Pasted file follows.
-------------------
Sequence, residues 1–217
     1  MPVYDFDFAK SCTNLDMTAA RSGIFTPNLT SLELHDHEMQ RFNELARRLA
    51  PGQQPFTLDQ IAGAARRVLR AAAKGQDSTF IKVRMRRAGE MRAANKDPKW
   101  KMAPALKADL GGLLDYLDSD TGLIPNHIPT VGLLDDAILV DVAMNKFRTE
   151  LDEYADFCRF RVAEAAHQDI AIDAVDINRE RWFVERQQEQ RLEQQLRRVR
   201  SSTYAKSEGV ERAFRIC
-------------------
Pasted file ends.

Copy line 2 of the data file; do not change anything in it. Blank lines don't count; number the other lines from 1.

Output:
     1  MPVYDFDFAK SCTNLDMTAA RSGIFTPNLT SLELHDHEMQ RFNELARRLA